At this point, it becomes "what next?" I fully believe that this was nowhere as bad as it could have been. But there was no relief anywhere - none in the faces of the newscasters who must've known they'd see no sleep for quite some time and that they were tasked in serving the horrible truth to the watching masses; none in the faces of my shocked, stunned coworkers, many of whom had young children who would require quite an explanation of certainly inexplicable things; none for me either, for the stories of individuals began to trickle through the news. The man and woman, holding hands, who chose falling to death rather than burning. People who were passengers on each of the doomed planes. Mothers, fathers, children, infants. Dead. Dying.

The rest of the day is a blur of rewind-play-rewind-play of the footage. On the way home, I stopped at the grocery store where I had purchased my bagel breakfast. There were already volunteers collecting money. I gave.

Once home, I, like everyone else, called friends and relatives to ensure we were all living on the same world, and that sanity still existed - something no one would have questioned 12 hours earlier. I spent the rest of the evening flipping through cable news channels as the news started to repeat itself. More rewind-play, but more personal anecdotes as well.

And then the hopeful search for anyone who might have survived in the rubble and aftermath. The days and weeks blur from here. Cantor Fitzgerald. Televised funerals. The pictures of ash. The weekly news magazines and their coverage. Courageous rescue attempts. Clearing of debris. Interviews of the families of the victims. The comparison to Pearl Harbor.

As time passes, September 11, 2001, stands as a day everyone remembers practically hour by hour. My client's brother escaped before the towers fell. I know no one personally who perished in the attacks, but as I talk with varying people, it's very apparent that I'm only separated by a degree at most. The business trip I recently attended highlighted that.

Very briefly, one man mentioned that his wife's best friend was on one of the planes that crashed into the towers. Another man was slated to give a talk on a high floor of one of the towers on September 11th. Shortly before the event, he cancelled due to lack of interest. The people who attended the event are no more.

Most strikingly, though, is the story of a young female Indian database administrator who was listed as missing after the attacks. According to my friend who knew her, months later her husband was convinced she'd be found "anytime now." They had a young child.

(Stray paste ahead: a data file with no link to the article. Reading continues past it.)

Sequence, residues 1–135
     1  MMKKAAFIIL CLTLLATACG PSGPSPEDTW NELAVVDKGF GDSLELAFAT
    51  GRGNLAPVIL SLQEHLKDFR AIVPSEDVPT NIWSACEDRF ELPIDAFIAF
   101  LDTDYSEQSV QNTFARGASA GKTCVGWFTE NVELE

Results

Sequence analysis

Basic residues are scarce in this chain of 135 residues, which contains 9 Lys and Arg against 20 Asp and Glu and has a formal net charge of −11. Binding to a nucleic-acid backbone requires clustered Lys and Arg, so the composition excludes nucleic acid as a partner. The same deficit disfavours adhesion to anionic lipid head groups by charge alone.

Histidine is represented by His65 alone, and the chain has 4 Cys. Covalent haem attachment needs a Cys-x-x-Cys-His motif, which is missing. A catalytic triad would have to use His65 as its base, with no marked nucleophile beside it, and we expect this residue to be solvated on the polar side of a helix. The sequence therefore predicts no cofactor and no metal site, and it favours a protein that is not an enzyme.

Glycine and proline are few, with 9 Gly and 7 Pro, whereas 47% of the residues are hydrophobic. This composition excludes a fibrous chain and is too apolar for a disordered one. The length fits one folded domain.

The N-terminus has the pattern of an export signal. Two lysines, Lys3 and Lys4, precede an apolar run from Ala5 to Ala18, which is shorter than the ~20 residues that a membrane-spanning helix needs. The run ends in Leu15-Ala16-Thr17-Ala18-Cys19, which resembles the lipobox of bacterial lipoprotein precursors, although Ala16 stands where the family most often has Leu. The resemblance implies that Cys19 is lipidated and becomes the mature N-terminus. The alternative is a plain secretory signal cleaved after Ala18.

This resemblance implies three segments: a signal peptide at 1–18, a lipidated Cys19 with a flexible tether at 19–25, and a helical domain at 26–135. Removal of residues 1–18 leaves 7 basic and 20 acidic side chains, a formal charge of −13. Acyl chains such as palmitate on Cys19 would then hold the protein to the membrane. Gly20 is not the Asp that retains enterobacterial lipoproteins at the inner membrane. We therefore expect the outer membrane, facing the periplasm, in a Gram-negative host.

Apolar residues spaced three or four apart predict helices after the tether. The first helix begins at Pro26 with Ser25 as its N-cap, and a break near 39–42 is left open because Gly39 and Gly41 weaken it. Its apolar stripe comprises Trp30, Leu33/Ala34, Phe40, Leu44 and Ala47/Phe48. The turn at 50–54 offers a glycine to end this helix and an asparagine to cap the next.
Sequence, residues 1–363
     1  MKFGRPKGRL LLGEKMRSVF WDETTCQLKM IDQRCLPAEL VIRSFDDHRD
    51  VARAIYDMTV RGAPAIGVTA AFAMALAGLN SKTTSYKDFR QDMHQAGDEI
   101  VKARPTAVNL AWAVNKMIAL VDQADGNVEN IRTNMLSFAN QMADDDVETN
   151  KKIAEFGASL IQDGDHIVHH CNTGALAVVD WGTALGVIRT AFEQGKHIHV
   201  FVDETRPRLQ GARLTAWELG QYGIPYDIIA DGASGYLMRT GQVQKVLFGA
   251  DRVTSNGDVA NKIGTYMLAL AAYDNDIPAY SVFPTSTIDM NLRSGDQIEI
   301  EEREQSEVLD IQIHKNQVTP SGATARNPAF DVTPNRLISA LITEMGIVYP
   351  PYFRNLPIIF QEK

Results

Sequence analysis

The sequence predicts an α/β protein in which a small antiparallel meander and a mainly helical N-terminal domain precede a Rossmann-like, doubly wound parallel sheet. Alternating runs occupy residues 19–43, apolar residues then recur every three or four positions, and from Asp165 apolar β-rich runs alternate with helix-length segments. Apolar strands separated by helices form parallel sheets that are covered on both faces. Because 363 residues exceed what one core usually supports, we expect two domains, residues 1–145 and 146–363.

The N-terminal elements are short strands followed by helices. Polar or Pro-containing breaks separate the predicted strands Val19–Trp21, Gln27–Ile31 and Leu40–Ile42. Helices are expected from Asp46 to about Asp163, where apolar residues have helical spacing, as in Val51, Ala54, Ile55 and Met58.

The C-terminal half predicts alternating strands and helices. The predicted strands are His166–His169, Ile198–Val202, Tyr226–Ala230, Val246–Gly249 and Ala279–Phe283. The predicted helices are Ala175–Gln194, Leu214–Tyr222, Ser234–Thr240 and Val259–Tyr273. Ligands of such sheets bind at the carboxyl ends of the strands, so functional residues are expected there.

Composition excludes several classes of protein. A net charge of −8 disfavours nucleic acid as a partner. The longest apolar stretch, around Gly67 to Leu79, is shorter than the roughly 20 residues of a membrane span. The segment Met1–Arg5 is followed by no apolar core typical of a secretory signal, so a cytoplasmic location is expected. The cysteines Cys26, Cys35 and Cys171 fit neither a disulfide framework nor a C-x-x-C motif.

Of course, there's the "how dare they" question we all ask of the terrorists. These people who are victims did nothing but merely live their American lives in America; what else would you expect? And then there are the "nostalgia" experts who profit from the tragedy. There are the lawsuits, the criticism of the evacuation misjudgments. But how could anyone have known the true ultimate horrific consequence of these terrorists?

I don't truly believe we know yet.

Life as we know it began to resume. St. Louisans flew their mighty flags and painted them on their cars. Baseball, which was put on quite a hiatus, recommenced. Brian and I had tickets with some of Brian's friends to that evening's Cardinal's game. We sang "America the Beautiful." Jack Buck read a poem.

At Creve Coeur Park, the flag hung half mast for a full month - at work as well. In October, at the St. Louis Blues' opening game, Lee Greenwood sang "God Bless the USA." We attacked Afghanistan; we triumphed. Time passed. We attacked Iraq and deposed its dictator. We slew his evil sons.

The future spreads its threads day by day. The course of American history was irrevocably altered on September 11, 2001. I pray there will be nothing to replace it as the most shocking, course-changing day in American history. I also pray that none of you forgets what this country offers us, as individuals, and that freedom, sadly comes with a price.

We are free.


Posted by hln at 10:18 PM | Comments (0)

Tim Blair on Hamas - Appropriately Wry

New Hamas, Now 25% Unfriendlier

His words:

    The formerly moderate Palestinian fellowship collective known as Hamas has become radicalised, according to The Guardian:

    The death of Abu Shenab has radicalised Hamas.

    I guess that’s the end of civilised negotiation, then.

    UPDATE. Another Hamas activist has been killed, reports AFP. The War on Activism continues.
So wry. So wry.


Posted by hln at 10:02 PM | Comments (0)

Cycling Races in the Rain